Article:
November 11, 2011 by John K. Yi
Has space exploration just become too costly, politically unappealing, or both? In the 1960’s, the U.S. and the then-Soviet Union, whose publics where fueled by the tensions of the Cold War, found themselves as pioneers of space travel and exploration technology. Now with a space race that’s no more, the political will and pursuit of going into “the beyond” has garnered a lackluster appeal by the public and policy makers. And it’s showing in both Washington and Moscow.
This past September at a recent Congressional hearing, Neil Armstrong, the iconic figure in space exploration history, had nothing but rebuke for the current NASA program, calling it “embarrassing and unacceptable.” His fellow colleague Eugene Cernan described the current U.S. space program as “on a path to decay.”
November 11, 2011 by Mohammad I. Aslam
Think tanks, tasked with providing impetus and direction for policymakers, have consistently led policymakers down precarious roads concerning policy towards Iraq and now Iran. The influence-peddling think tank phenomenon has no doubt become an integral part of our political landscape. On paper, it’s not hard to see why.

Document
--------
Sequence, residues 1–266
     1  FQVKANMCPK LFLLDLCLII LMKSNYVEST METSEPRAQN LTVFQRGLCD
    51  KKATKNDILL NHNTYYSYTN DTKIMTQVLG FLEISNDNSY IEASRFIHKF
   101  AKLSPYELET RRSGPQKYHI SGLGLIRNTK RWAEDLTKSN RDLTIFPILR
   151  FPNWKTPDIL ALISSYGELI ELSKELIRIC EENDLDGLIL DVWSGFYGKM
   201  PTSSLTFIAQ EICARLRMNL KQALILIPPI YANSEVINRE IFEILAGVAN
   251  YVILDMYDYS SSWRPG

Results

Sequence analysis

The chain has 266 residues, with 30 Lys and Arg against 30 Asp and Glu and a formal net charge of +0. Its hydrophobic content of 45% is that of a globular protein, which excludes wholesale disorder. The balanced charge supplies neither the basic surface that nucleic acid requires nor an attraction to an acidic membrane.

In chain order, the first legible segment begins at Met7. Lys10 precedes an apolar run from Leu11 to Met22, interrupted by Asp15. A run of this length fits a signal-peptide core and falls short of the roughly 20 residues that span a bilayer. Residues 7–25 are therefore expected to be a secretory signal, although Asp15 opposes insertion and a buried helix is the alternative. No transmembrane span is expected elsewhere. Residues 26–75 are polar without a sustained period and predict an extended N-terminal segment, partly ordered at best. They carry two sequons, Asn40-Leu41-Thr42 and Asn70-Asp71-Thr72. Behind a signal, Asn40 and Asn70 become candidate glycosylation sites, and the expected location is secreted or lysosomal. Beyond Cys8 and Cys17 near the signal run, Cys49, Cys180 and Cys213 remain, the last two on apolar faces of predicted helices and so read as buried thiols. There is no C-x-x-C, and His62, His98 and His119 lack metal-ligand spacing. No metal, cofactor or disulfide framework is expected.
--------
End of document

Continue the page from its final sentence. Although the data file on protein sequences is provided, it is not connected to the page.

They direct public life in a way that is seen as people-centric with the intention of increasing government support for common causes by making legislators more susceptible to popular demand. Global warming, the plight of the poor, and laws protecting us from greedy banks and corporations are the think-tank issues that lead us to believe that they represent the common man.